Country-reported relevance suggests that, although most indicators are considered pertinent to countries' respective national HIV epidemics (Fig. 4), data may not always be available for global reporting (although the data may be available at the national level). For example, more than 80% of reported indicators related to men who have sex with men, sex workers and injecting drug users are identified as relevant, yet data is available for only 40% of those indicators. Data availability was highest for service delivery indicators that measure the level of provision of care and treatment, followed by national survey-based indicators which are representative household surveys measuring demographic characteristics and behavioral patterns.
The UNGASS reporting process emphasizes country ownership of data with the aim of strengthening national monitoring and evaluation of HIV programs. Therefore, the onus of data collection, cleaning, validation and aggregation rests with each reporting country. Once country-reported data reach the global level, quality assurance is limited to the reconciliation of data values from different sources and the correction of illogical values. In 2008, 107 reporting countries (73%) used UNAIDS data entry software which reduced the time required for data processing at the global level and potential data entry errors. In addition, 122 countries were contacted regarding data reconciliation issues. Clarification was received from 88% of these countries regarding coverage for antiretrovirals and 50% for other indicators. Although the quality of source data (in terms of measurement and processing errors) cannot be assessed at the global level, there are several other dimensions of data quality that pertain to the UNGASS dataset, namely accessibility, transparency, relevance, interpretability, coherence, timeliness and completeness.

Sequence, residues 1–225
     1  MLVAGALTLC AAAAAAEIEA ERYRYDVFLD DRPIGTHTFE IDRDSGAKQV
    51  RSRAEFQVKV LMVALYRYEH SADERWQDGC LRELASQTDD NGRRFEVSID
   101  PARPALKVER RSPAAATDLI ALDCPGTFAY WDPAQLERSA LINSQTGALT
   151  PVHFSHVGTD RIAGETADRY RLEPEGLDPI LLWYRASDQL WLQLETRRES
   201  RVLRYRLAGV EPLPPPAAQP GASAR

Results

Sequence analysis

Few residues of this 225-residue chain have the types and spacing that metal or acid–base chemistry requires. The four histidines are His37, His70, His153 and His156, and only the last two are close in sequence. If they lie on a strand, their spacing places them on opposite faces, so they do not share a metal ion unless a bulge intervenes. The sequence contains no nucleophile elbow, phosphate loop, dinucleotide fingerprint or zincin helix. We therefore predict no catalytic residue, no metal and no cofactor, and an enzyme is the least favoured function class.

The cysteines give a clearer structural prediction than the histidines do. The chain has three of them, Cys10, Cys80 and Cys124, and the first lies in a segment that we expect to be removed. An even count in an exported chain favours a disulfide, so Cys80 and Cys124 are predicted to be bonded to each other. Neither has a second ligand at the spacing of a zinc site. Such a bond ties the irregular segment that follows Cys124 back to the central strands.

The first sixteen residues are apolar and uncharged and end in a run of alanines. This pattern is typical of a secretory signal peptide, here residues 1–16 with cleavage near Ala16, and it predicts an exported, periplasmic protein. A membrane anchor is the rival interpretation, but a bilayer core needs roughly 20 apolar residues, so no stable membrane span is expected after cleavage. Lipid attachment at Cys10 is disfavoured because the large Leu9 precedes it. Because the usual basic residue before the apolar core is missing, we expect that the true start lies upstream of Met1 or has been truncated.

“Accessibility” refers to the ease with which data can be obtained by the user. Country Progress Reports are posted without alteration on the UNAIDS website. Cleaned and validated data are then disseminated in the Report on the Global AIDS Epidemic 10-12 and a variety of other publications, including The Secretary-General's Report 13 and articles in the peer-reviewed literature.
“Transparency” refers to the clarity of documentation regarding assumptions, methods and limitations of the data. Comprehensive guidelines on reporting, including full indicator definitions, are posted on the UNAIDS website and are disseminated widely in print and electronic versions.